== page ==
The Clontarf Town Hall Caretaker and the Rising
Published on 11th July 2016
A native of Omagh, Co. Tyrone, ‘Mick’ McGinn was an ‘old’ Fenian who had been a Tyrone IRB leader since the 1870s and had spent a lot of his life in British jails. McGinn was a close personal friend of Thomas Clarke, who was seven years his junior. Indeed, Clarke had joined the Tyrone IRB in 1878 at the request of both leading Fenian John Daly and Michael McGinn. By the late 1890s McGinn was the Fenian Head Centre for Co. Tyrone, based at Dergmoney House in Omagh.
Image: Michael McGinn 1851-1916, from a photograph of the O'Donovan Rossa Funeral Committee 1915.
By 1897, as deputy leader of the Ulster Executive of the 1798 Centenary Committee, McGinn became very active in promoting the establishment of ’98 centenary clubs across Ulster. This activity ultimately led to McGinn’s denunciation by the local Catholic clergy – who were traditionally hostile to the Fenians- which led to him losing his job as a baker, forcing him to leave his native county and small family farm. By late 1897 he relocated to Dublin with his wife (Catherine ‘Kate’ McGinn, née Love) and young son, Conway, where he was assigned to the Central Executive of the 1798 Centenary Committee.
By late 1901, McGinn, through the influence of his Fenian contacts in Dublin Corporation, secured the job as Caretaker at the Clontarf Town Hall and lived with his family (by now the McGinns had three young children) on the premises. The Town Hall had come within the Corporation’s remit following boundary changes in 1901 which resulted in the absorption of the former Township of Clontarf into the city. The Corporation’s Public Libraries Committee set about converting a section of the Town Hall into a library which opened in early 1902, and part of McGinn’s duties were to tend to the Reading Room. The library was managed and staffed from the nearby Charleville Mall library on the North Strand.
As a close personal friend of both Thomas Clarke (who was godfather to his second son Rommy) and Seán MacDiarmada, McGinn was very firmly aligned with key members of the IRB in the years leading up to the Rising. Thomas Clarke had returned to Dublin from the United States in 1907, setting up his tobacconist shop at 75 Parnell Street (which acted as a front for his IRB activities), and he and McGinn had renewed their close contact.
McGinn had a specific ‘committee’ room which he made available and so provided a haven for IRB Supreme Council meetings which were frequently held at the Clontarf Town Hall. It was here that the IRB Supreme Council famously held their last vital meeting before the Rising on 16 January 1916, at which the IRB ‘being a democratic body, voted to change its decision on the Rising in 1916 from one in principle to one in fact’.
McGinn’s seniority in advanced nationalism is strongly evident in his activities in the lead up to the Rising; In July 1915 he was identified as a senior member of the IRB by the Dublin Metropolitan Police. His importance is also testified to by his membership of the O’Donovan Rossa funeral Committee at this time.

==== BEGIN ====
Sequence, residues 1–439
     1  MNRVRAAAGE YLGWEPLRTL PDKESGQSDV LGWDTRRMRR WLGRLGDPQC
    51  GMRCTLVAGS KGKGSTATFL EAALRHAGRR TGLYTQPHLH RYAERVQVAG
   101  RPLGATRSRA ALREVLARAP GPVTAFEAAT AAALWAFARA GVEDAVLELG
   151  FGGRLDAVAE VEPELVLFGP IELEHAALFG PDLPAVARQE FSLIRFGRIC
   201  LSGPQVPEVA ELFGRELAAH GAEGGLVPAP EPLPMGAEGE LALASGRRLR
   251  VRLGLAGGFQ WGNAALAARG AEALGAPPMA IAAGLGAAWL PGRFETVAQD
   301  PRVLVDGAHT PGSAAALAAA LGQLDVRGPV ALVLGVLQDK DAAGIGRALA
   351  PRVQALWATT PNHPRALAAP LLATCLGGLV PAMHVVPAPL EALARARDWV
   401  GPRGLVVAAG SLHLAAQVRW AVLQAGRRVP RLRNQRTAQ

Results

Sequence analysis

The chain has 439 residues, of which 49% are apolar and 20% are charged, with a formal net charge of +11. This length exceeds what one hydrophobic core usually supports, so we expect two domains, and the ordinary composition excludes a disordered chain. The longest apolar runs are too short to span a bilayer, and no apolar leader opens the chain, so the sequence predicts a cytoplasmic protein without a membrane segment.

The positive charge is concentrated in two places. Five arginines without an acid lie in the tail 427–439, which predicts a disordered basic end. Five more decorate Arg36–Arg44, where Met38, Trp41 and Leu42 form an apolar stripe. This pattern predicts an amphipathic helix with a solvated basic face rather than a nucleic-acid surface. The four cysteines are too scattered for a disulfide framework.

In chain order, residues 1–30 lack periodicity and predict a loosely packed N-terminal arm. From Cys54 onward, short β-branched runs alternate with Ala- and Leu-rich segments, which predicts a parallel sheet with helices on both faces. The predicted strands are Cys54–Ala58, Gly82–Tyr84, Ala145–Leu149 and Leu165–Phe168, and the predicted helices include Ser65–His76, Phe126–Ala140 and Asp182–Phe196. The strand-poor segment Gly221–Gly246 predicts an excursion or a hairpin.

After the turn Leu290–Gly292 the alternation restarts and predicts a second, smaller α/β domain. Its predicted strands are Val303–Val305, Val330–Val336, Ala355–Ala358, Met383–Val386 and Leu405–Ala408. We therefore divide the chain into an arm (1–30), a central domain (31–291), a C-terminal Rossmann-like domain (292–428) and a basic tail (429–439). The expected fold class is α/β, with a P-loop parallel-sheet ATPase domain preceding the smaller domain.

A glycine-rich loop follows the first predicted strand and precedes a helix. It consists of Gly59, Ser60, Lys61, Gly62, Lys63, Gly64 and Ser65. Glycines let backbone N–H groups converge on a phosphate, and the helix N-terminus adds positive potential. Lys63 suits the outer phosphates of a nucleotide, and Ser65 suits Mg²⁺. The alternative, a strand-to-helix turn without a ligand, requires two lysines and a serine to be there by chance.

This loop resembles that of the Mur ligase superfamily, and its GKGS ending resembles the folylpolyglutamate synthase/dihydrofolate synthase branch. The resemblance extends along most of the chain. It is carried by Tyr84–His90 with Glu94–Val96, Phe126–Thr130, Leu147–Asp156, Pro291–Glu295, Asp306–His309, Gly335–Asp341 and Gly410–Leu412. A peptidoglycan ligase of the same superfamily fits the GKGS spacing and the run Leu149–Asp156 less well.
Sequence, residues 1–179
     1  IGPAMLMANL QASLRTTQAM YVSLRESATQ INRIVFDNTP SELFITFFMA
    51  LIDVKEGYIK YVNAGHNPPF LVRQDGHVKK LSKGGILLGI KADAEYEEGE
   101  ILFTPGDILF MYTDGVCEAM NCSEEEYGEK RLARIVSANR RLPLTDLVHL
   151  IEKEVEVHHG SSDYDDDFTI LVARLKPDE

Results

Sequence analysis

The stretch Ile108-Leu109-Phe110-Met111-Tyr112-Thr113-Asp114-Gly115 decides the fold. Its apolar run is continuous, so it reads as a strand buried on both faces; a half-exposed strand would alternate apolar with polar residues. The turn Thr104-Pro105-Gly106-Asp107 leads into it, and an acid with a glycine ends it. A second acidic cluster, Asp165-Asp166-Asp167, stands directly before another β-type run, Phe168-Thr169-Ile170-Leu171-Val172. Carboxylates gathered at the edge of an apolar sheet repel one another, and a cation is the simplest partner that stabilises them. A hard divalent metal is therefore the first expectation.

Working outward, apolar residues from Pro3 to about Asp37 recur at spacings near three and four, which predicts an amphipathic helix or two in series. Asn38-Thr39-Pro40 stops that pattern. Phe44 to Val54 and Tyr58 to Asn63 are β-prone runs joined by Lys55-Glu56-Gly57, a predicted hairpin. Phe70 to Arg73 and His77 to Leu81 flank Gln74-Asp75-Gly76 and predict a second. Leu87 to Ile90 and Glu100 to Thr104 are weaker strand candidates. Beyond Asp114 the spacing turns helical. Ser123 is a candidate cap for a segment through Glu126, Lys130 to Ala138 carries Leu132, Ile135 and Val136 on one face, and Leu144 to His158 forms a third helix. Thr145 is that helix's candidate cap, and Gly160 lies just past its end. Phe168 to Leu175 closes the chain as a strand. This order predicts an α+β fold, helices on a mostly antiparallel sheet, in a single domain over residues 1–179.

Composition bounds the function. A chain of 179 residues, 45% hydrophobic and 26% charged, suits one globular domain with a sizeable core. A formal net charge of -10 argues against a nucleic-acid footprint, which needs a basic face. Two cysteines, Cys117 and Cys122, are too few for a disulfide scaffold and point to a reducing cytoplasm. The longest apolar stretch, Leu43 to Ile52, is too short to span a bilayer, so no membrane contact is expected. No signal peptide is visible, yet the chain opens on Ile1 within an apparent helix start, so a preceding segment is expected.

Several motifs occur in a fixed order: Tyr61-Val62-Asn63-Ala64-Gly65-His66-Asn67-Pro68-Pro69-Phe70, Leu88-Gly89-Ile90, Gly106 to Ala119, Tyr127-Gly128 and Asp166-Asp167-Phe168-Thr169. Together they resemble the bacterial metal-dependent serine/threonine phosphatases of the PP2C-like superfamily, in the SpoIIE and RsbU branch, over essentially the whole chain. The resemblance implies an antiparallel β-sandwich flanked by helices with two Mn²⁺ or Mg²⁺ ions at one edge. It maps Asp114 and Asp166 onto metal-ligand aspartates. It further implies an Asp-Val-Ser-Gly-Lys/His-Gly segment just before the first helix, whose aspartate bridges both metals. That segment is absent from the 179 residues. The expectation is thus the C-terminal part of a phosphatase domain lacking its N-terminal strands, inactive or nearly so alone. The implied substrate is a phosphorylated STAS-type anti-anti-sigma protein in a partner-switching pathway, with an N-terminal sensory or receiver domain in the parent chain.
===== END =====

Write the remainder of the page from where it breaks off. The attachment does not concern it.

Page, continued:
Kate McGinn was also closely associated with the leaders of Easter week and was recalled as ‘acting as hostess to every young fighter who came to Dublin’ with the McGinn family home becoming known as a ‘centre of resurgent nationalism’.
McGinn was already 65 years old by Easter Week 1916 and had fallen gravely ill with a condition that was then diagnosed as ‘creeping paralysis’. He was therefore bedridden and unable to take any part in the events of Easter week. However, both of his sons participated; Conway saw action at various locations including the Imperial Hotel in O’Connell Street and his younger son Rommy, being only 16, played a smaller role. As recounted by Rommy’s son Brian ‘My father being then just 16 was involved in some skirmishes along the North Strand but most of the time he carried information to his father and cared for him with his Mother Kate.’
Despite not participating in the rebellion, Mick McGinn was nonetheless arrested from his sick bed and held for a short time after the Rising, but was later released on health grounds. He died shortly after on 28 July 1916.
By the end of 1916, Rommy McGinn had been taken on as a permanent library assistant at Charleville Mall library. Kate McGinn retained her employment as caretaker/housekeeper at the Clontarf Town Hall until it was sold in 1925.
About our Guest Blogger
Evelyn Conway is Librarian at Dublin City Public Libraries and Archive.
The above is based on an essay in the book 'Dublin City Council and the 1916 Rising', published by Dublin City Council, March 2016. Evelyn is one of a number of contributors of essays exploring events of the Rising and biographies of persons involved and either employed by the Council at the time, or subsequently. Read this recent blog post for more.
Part of a series looking at Dublin City Public Libraries staff and the 1916 Rising. See also:
- Tommy Gay: The Capel Street Librarian and the 1916 Rising
- Róisin Walsh: Dublin City’s first Chief Librarian and the Rising
- Paddy Stephenson: Dublin City Council's second Chief Librarian and the Rising
- James Thomas Dowling: Dublin's County Librarian and the Rising
- James O'Byrne: The Kevin Street Librarian and the Rising